Consider this case. You drive your new BMW down a street, feeling an immense desire to smoke a cigarette, but the cigarettes are in your back pocket. A traffic-light turns red so you stop, happy that you will finally light a cigarette. You take a cigarette out of the packet, and press the car's lighter, while you are watching for the traffic-light to turn green.

After, say, fifteen seconds, the lighter pops out, with its distinctive sound, and you step on the accelerator. At the same time, you realize that the traffic-light is still red, and you hit the brakes. You take a strange look, wondering "what the heck...?!".

Or consider what happened to me some days ago. I was watching The Green Mile with Tom Hanks which lasts nearly three hours, so, as it ended I really wanted to go to the bathroom to have a pee. I turned on the light, but on the switch was something sticky, hopefully honey (no, I did not taste it :-). So, I washed my hands before I proceeded with the Pee. I turn on the tap, take the soap, wash my hands, and instead of putting the soap back to its seat, I throw it in the toilet... As I relieved myself, I realized what had happened... a semiotic short-circuit...

The first incident is an example taken from Umberto Eco's book Semiotics in everyday life. It has happened to me, maybe it has happened to you.

A semiotic short-circuit, says Umberto Eco, can happen when you have at the same time more than one pair of signs-significations. In the first example, we have the first pair of sign-signification:

• SIGN: traffic-light, waiting to turn green
• SIGNIFICATION: we can hit the road
and the second pair:
• SIGN: lighter, waiting to pop out
• SIGNIFICATION: we can now light our cigarette

So the problem/situation appearing sometimes is that our brain gets confused, triggering with the appearance of the one sign, the wrong signification. Someone might observe that the opposite would be very unlikely to happen. Namely, if the traffic-light turned first green, it is unlikely that we would have tried to light the cigarette. Light it with what?? That raises another issue, which is not mentioned by Eco (at least in the book I read). How much is the sign physically related to the signification.

Let us explain that with a couple of examples. One example in which the sign has absolutely no physical relation with its signification is the example of the green traffic-light and the fact that we can now hit the road. In this example the relation sign-signification is totally a matter of definition. We could as well say, that the red light signifies that we may proceed. We could also have no lights at all, but a policeman gesturing accordingly. Nothing correlates the traffic-light in the physical world with its signification. But in the case of the sign-signification relation of the lighter and the cigarette, the physical relation is of a major practical importance and not just a matter of definition, for we cannot light the cigarette without the lighter.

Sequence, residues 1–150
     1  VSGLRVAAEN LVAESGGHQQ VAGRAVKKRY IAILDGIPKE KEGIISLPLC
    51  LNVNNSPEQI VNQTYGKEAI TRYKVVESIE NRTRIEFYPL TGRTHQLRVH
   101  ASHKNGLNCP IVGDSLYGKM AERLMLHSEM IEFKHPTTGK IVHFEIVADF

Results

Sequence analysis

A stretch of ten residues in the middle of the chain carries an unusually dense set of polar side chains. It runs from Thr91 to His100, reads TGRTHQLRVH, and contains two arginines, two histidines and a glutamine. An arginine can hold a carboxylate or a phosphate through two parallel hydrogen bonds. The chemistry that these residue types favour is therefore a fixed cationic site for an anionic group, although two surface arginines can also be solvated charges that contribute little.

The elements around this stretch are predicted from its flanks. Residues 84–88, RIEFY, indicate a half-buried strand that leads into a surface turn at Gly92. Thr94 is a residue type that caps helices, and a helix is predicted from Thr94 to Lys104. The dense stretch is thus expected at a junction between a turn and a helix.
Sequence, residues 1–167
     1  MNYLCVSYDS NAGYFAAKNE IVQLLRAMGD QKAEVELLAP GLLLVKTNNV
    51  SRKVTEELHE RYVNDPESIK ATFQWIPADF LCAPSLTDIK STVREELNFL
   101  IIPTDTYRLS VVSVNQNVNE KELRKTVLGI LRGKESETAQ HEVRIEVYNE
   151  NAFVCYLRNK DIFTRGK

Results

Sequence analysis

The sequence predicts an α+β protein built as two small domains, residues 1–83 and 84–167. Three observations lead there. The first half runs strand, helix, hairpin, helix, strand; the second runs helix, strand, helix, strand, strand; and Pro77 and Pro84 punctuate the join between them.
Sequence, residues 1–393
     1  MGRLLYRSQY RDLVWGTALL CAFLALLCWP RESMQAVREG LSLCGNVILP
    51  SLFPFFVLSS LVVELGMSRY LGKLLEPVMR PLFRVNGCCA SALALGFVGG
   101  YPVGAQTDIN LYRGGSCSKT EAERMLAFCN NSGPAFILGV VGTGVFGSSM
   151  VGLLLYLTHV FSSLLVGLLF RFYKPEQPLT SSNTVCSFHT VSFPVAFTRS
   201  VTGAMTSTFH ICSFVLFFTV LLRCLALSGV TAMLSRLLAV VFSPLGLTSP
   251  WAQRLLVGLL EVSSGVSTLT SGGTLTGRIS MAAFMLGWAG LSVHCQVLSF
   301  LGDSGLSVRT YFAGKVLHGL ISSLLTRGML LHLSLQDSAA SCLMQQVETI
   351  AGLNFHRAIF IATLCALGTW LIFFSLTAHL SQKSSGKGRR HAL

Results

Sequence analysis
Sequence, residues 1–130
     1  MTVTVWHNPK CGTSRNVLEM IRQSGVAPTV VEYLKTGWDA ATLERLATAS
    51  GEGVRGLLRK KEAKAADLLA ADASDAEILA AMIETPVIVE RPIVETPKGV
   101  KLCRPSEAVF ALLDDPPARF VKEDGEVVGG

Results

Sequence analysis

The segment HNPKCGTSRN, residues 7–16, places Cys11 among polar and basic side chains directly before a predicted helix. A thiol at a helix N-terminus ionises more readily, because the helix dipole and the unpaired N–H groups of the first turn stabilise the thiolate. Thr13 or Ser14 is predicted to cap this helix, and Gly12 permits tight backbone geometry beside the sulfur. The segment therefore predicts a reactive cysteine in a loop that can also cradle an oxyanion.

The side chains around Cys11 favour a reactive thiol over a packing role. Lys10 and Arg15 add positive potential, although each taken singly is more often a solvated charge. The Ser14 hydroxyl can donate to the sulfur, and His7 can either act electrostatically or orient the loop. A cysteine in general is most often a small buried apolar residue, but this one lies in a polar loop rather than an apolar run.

Something that we should also take into consideration, is the fact that the semiotic short-circuit is much more likely to happen in case we have to take a decision quickly, like in the traffic-light case. If we are in a relatively high level of alertness, it much more probable that we will get things confused. But it is also likely to confuse things in case our mind/thought is wandering or is distracted. This is like my incident with the soap. Although my incident with the soap was of a much more abstract nature than the traffic-light example. In my case the sign-signification pairs were like that:

• SIGN: I am feeling an immense urge to pee
• SIGNIFICATION: Quickly! To the toilet!
and the second pair:
• SIGN: Finished with washing my hands
• SIGNIFICATION: I must now place the soap to its former position

Due to the dominating nature of the urge to piss, "toilet" is the word and concept now whirling in my mind. I must piss now, and every single neuron, every single gray cell in my brain cries while I wash my hands: "to the toilet!!! Quickly! To the toilet!".

So, as I finish washing the hands, and subconsciously, the question "What do we now do with the soap we 're holding?" is put, the neurons have no time to deal with minor issues (who gives a shit about the soap?!) and they continue to cry: "to the toilet!!! Quickly! To the toilet!". So... I take this subconsciously as an answer and... I simply throw the soap in the toilet!

This case also explains lost wedding-rings found after several weeks in the refrigerator and many other incidents in which we are aiming at doing something in particular, at the same moment something else arises and we just mess things up, many times without even noticing (like putting the ring in the fridge).

Ahhh, the human brain, this fragile miracle!

liveforever informed me about a Danish word, which exactly describes the concept of the "semiotic short-circuit". It's "Tanketorsk" (literally, 'thought'+'cod', signifying the absurdity of the situation).